Yesterday’s sunshine encouraged masses of people to head for the beach. Photos abounded of places like Bournemouth with the beaches packed out. It’s quite likely they were all socially distanced while on the beach but I bet there was fun getting on and off the sands. It’s probably going to continue in that vein.

“A combination of good weather, treacherous surf, an absence of lifeguards and the easing of travel restrictions in England is causing the RNLI and coastguard deep concern for this week and weekend.
Last weekend alone, coastguard rescue teams were called out 194 times in the UK to incidents including inflatables drifting offshore, crashed jetskis, people injured while out walking or cycling along the coast, paddle-boarders, kayakers, windsurfers and kitesurfers who were in difficulty as well as people cut off by the tide.”

Perhaps we just need to be patient. The culture secretary said yesterday that there are hopes of reviving the holiday industry in the UK by the start of July. “I would love to get the tourism sector up as quickly as we possibly can. We’ve set this very ambitious plan to try and get it up and running by the beginning of July,” he said. And Easyjet has announced plans to restart domestic flights in the near future. International flights will have to wait a little longer.

Although reports say that the majority of Britons are cautious about relaxing things too soon, the suggestion is that many are also suffering from “quarantine fatigue”. It’s not just here in the UK. This report by Arwa Mahdawi is from yesterday’s Guardian:-

“Coronavirus is officially cancelled: the US is bored of it, so it is over. That is what it feels like, anyway. In Wisconsin, bars are packed; Texas has reopened restaurants; and Mississippi and Louisiana are reopening their casinos. People in Georgia can get their nails done.
In New York, where I live, strict lockdown restrictions are still in place, but people are growing lax. The weather was beautiful over the weekend and the streets were full of people drinking takeout cocktails with friends. Beaches were crowded. Quarantine fatigue has set in.
That is not just my observation: researchers at the University of Maryland tracked phone location data and found that, over the past few weeks, people have started going out more. While all the polls say that Americans support stay-at-home orders, their actions tell another story.
Unfortunately, we have a good idea how this story ends: during the 1918 flu pandemic, many areas saw a deadly second wave of infections. Looking at the current scramble to return to normality, it seems highly possible that history will repeat itself.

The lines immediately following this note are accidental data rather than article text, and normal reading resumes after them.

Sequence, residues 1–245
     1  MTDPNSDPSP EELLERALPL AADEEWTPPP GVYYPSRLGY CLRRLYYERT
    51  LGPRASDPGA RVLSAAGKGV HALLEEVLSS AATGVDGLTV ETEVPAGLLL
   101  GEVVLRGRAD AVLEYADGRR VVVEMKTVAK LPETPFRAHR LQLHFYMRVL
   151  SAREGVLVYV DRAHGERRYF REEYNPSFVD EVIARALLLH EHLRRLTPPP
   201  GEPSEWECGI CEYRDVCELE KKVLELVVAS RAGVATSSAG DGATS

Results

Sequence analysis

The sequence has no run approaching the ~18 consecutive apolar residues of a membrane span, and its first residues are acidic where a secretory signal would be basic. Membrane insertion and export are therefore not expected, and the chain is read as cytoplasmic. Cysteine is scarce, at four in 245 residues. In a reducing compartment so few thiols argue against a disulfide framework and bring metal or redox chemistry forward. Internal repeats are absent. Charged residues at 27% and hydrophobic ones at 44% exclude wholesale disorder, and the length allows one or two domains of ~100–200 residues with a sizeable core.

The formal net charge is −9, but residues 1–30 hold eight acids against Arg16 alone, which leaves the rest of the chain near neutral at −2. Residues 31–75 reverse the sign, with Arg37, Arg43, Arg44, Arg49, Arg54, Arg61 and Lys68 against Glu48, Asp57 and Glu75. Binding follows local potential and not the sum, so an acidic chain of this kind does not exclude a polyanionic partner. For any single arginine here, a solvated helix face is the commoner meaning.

It is a privilege to feel bored. Those of us lucky enough to be able to work from home owe it to the workers who are risking their lives every day to suck it up and stay put. Nevertheless, I don’t think there is anything to be gained in shaming those going out. We can’t expect people to stay home for ever, particularly those of us who live in small inner-city apartments with no gardens.
As the US magazine the Atlantic recently noted, “instead of an all-or-nothing approach to risk prevention”, we need clear guidelines on how to live safely in a pandemic. Instead of the UK’s vague messaging about “staying alert” (which is still better than the US’s lack of any federal governmental messaging), we need clear direction about what constitutes a high-risk activity and what constitutes a low-risk activity.
This is a marathon, not a sprint; if we are going to get through it, we need a more nuanced, more manageable approach to lockdown.”

Meanwhile, scientists and epidemiologists, the Cassandras of the modern age, are still giving us warnings of bad things still to come. The prospect of a second wave of coronavirus infection across Europe is no longer a distant theory, according to the director of the EU agency responsible for advising governments – including the UK – on disease control. “The question is when and how big, that is the question in my view,” said Dr Andrea Ammon, director of the European Centre for Disease Prevention and Control (ECDC). Who’d be a scientist or epidemiologist? Politicians can pick and choose which bits of the science they want to work with but these Cassandras have, as one report pit it, “emerged as the straight shooters of the crisis, sometimes to their detriment.”